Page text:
Hi all - I normally run 8 auxes for my headphone/IEM monitors but often have difficulty getting a decent level before distortion sets in. Have tried Behringer and Trantec belt packs and had similar outcomes and now using Senheisser HD380 phones i.e not ridiculously expensive but not low budget either. It works out in the end but sometimes a fine line fiddling between preamp and channel send levels and eq. Anyway, those aux are mono and it occurred to me that I may get a better result running them as stereo - more signal, less push. No problem with the belt packs - they take stereo OK.
I work with CS18, RM323 and UC Surface and as far as I can remember, all I have to do is to create 8 linked mixes, double up on the cables, rematch and then point and shoot each channel input to the paired mixes. However, I'm 50km from the studio so first opportunity to try this all out will be as prep for the next live show.
Does anyone have any tips that might be useful before I start replumbing? There are some elements of integration between CS18, RM32 and UC Surface that don't exactly work as described in the manuals so just looking for a heads up in case linked aux mixes is one of them.
Thanks - Phil
The HD 380 has an impedance of 54 Ohms, less would be better. The PreSonus products HD7 and HD9 have 32 respectively 40 Ohms. The less, the better! Otherwise anything like the HP60, HP4 or HP2 (to name some PreSonus products) and similar should work. A "StudioLive-AR8-USB" or any small mixer is also a perfect headphone amplifier.
You need to have enough input gain, because you will definitely need more "energy" when making the move to stereo auxes. Mono seems to be louder, but of course stereo sounds much better. Setting up stereo IEMs is really easy. Just link two auxes (1+2. 3+4. 5+6...) - and that's it... But: you will not notice at first sight, that stereo inputs are not automatically panned. They remain being "mono". You need to do the panning manually, but once set up and stored, the settings can always be recalled. And remember that all connections are balanced. Unbalanced cables can cause problems.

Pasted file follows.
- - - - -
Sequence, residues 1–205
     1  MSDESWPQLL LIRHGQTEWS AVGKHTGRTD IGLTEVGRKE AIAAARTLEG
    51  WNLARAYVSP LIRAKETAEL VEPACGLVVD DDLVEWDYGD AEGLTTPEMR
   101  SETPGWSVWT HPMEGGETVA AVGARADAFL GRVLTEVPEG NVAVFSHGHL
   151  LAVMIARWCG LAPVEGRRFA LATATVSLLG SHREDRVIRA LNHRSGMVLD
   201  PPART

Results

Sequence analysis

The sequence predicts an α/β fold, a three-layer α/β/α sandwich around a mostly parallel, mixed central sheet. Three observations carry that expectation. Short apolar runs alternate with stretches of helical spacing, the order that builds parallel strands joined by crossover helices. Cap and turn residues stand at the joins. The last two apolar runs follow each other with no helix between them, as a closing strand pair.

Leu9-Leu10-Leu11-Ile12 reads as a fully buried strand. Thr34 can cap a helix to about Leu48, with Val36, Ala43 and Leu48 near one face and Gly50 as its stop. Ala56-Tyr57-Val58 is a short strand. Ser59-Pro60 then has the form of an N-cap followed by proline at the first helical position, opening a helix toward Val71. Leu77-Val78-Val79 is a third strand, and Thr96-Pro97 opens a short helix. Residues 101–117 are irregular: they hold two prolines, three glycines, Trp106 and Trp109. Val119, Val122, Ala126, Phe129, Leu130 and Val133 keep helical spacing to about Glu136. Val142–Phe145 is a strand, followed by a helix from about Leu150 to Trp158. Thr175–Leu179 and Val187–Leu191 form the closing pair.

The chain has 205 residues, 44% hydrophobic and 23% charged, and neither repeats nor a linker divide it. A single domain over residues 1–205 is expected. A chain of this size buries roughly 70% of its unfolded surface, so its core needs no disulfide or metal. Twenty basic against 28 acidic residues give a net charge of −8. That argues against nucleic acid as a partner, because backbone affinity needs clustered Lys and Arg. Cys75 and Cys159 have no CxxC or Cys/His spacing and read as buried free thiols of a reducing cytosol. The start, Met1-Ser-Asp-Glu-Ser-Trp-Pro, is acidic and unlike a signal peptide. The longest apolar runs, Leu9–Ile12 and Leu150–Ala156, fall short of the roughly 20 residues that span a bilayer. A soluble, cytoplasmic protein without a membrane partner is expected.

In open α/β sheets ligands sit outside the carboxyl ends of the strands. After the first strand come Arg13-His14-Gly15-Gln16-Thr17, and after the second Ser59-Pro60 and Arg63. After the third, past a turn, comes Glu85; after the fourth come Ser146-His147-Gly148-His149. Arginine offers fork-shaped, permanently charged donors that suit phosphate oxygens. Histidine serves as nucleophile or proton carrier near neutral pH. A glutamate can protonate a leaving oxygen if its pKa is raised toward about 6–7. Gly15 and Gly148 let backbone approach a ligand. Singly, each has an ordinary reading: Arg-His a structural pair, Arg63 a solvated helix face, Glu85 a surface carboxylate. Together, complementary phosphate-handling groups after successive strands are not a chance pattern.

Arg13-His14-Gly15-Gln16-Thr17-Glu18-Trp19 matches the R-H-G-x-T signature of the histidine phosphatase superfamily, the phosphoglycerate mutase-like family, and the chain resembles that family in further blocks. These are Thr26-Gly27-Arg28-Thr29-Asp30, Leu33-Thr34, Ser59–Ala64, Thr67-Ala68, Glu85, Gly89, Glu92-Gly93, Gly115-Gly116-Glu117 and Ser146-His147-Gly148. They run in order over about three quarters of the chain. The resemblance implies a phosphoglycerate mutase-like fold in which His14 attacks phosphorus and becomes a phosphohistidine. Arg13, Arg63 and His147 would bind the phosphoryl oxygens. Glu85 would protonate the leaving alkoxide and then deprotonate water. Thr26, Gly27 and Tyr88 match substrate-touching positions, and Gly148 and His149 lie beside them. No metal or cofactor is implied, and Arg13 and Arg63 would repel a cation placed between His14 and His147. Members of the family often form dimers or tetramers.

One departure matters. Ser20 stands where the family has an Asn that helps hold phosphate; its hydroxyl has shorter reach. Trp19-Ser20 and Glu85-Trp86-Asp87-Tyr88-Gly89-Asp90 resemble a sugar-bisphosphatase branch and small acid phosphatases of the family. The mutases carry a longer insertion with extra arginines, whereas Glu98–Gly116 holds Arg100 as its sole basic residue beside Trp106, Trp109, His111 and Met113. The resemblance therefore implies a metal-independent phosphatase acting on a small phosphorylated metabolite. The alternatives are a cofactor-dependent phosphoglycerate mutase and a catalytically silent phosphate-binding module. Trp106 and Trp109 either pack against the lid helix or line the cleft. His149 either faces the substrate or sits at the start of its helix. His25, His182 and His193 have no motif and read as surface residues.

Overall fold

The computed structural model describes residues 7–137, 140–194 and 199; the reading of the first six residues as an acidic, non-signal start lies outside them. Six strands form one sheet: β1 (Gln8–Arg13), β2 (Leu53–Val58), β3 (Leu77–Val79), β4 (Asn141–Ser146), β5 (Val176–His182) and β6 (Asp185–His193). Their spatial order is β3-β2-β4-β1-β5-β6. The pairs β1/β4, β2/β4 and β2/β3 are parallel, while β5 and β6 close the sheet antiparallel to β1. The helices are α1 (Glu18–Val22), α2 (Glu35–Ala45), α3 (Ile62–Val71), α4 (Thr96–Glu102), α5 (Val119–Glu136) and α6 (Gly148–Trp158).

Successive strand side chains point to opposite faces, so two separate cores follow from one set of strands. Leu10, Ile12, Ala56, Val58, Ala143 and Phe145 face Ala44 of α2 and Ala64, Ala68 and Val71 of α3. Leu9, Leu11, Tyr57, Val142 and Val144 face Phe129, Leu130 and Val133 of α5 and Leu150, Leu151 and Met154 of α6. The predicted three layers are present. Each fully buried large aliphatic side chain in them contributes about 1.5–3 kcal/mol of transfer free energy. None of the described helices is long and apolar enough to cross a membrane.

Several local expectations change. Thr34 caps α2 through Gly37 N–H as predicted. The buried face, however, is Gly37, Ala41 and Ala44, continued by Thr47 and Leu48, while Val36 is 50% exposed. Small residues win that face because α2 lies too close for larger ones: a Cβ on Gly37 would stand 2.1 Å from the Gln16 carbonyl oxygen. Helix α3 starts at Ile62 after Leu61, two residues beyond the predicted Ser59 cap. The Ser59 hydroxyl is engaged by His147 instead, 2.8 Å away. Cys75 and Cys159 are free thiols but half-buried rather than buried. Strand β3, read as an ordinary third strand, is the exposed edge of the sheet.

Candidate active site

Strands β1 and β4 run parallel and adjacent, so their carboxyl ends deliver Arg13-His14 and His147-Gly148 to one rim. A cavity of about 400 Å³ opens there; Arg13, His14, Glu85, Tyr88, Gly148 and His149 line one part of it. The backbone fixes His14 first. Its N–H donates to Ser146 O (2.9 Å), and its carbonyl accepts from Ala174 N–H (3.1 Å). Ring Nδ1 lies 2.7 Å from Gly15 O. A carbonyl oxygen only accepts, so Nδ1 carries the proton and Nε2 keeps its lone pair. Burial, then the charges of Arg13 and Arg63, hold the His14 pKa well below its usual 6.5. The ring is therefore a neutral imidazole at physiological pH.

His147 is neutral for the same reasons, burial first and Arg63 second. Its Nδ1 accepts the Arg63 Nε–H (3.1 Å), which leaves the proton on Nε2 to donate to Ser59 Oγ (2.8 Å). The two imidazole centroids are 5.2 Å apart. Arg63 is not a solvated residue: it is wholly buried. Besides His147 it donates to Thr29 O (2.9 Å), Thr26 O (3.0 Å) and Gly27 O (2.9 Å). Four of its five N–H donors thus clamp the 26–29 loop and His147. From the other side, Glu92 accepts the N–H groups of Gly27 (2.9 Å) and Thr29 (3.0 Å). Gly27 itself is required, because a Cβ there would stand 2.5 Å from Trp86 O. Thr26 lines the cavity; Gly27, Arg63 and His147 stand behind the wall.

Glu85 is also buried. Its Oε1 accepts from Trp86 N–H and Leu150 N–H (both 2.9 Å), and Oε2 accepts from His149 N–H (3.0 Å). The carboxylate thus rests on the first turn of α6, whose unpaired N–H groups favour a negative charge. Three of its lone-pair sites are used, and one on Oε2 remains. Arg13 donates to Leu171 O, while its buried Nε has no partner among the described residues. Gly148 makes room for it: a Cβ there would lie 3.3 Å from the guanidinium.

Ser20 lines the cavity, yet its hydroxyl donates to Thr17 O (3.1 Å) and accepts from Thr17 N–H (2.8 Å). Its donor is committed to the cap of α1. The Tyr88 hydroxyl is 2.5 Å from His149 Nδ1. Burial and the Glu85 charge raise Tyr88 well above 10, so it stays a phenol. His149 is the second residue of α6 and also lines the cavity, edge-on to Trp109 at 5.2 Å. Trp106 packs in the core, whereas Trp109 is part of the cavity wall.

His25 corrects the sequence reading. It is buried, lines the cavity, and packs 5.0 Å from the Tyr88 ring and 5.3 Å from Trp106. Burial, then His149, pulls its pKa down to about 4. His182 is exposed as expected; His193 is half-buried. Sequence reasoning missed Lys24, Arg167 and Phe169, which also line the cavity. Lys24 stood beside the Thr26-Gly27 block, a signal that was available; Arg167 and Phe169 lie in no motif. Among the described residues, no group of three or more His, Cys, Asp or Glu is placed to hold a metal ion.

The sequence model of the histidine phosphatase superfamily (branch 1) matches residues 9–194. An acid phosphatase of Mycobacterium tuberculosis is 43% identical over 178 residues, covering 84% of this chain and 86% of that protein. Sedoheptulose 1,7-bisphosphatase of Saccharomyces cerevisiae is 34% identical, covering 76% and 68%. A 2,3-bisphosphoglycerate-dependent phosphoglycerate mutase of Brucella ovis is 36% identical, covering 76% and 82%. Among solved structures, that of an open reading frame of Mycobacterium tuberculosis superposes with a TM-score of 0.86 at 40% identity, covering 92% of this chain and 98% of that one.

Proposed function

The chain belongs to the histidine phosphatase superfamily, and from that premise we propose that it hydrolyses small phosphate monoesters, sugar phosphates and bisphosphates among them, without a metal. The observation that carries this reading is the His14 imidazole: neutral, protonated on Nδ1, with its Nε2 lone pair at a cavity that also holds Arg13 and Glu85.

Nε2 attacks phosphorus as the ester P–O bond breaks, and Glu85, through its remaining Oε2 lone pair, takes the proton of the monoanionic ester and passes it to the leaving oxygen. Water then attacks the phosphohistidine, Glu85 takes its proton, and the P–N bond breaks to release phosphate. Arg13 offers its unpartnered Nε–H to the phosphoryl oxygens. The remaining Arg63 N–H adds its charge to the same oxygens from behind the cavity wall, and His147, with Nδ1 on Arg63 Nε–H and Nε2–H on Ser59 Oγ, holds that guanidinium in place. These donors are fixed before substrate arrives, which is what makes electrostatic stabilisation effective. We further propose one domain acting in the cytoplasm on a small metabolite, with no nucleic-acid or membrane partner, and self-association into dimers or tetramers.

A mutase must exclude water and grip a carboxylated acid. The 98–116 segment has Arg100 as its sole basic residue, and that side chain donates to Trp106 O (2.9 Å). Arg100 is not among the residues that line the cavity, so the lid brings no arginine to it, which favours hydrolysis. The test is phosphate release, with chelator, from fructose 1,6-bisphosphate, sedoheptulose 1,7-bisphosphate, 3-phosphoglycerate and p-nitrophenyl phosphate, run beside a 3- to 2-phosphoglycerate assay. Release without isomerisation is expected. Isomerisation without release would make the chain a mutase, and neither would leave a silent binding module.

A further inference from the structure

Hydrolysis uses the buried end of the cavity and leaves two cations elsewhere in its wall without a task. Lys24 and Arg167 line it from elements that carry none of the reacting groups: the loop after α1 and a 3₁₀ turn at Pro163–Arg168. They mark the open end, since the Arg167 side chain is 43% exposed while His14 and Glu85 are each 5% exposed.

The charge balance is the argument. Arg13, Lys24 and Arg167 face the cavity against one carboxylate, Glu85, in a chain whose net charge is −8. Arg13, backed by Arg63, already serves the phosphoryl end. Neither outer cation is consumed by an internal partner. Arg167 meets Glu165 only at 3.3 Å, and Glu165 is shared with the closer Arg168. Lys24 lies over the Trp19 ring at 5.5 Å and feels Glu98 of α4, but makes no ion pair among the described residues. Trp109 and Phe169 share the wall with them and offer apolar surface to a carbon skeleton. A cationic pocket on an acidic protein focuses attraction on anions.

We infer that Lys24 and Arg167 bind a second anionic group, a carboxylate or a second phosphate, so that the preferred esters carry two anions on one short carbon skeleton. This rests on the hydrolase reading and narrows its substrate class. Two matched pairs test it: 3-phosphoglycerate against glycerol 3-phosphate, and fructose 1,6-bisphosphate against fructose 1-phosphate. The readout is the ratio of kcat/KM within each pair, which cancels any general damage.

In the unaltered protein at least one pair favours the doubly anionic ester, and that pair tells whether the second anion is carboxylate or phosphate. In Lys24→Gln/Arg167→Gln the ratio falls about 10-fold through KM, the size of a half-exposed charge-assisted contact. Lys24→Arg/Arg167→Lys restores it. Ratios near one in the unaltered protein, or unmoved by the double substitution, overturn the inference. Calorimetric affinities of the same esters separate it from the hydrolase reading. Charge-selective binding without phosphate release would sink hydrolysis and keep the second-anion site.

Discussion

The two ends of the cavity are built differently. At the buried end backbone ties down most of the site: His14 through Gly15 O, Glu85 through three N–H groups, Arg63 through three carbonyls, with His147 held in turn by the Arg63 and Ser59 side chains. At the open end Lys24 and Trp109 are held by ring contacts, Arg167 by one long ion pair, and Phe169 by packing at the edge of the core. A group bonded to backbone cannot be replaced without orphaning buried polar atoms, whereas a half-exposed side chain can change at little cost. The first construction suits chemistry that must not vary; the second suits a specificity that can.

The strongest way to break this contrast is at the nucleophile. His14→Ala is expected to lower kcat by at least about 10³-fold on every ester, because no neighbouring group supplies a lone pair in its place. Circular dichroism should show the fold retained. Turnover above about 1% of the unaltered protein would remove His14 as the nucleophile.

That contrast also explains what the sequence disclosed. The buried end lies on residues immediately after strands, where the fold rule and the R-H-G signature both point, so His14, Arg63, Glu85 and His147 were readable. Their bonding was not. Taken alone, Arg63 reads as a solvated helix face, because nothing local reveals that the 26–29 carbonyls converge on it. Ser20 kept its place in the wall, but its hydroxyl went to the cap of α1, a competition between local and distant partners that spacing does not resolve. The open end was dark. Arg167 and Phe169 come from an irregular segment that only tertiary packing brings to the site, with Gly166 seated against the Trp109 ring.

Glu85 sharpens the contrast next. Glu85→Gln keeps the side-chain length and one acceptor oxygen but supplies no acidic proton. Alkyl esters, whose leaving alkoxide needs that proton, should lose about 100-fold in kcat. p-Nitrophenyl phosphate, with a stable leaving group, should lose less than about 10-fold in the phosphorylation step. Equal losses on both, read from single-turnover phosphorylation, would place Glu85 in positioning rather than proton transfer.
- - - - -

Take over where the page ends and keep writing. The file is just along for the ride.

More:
One very important thing is to be able to hear/check what the musicians hear. And you need to have a picture of what a musician needs or wants to hear. There are quite some differences between what a drummer and a guitar player want to hear...
There’s no reason whatsoever for getting a distorted signal from your RM32 auxes. Key question: are you using headphone amplifiers suited for the ear buds you’re using, both for power and impedance? I see in your signature that you own an HP4. Any issues getting a loud enough mix from that one?
Note: Lower impedance is only good as long as you headphone amp has an output impedance low enough to drive it!
Thanks for the steers. Good points about output impedance. The Behringer Powerplay P1 belt packs are 10 ohms output whilst the Trantec is 14 ohms
The HP4s (I have 2) are not used for delivering monitoring to the bands, but typically when I listen to the mix via the HP4 I don't hear any of the issues that the bands may have - it's clean and loud, and I'm using the same headphones. Admittedly, I'm not in a room with a noisy drummer or guitarist !! But the spec of the HP4 for output is between 32 and 600 ohms.
I also have Shure SE215 IEMs but most of the bands won't use them - mainly I think because they are not used to them and worry about physical things - buds falling out for example. However the 215s are 17 ohms.
As far as cabling - no unbalanced cabling, all XLR balanced running from the mix outs to the belt packs or wireless transmitters.
So, in summary, I probably need to consider changing to phones with the lowest impedance I can afford. Going stereo will help in creating 'space'.
I have found out that very often a small mixer of the "StudioLive-AR8-USB" category can make things easier. It needs not more than two input channels. You can see which signals come in, where they go and how you can adjust the levels you hear. You don't necessarily need to use the line inputs, the XLRs are also ok, if you can control the gains. Easy, fast, not too complicated for musicians - how it should be...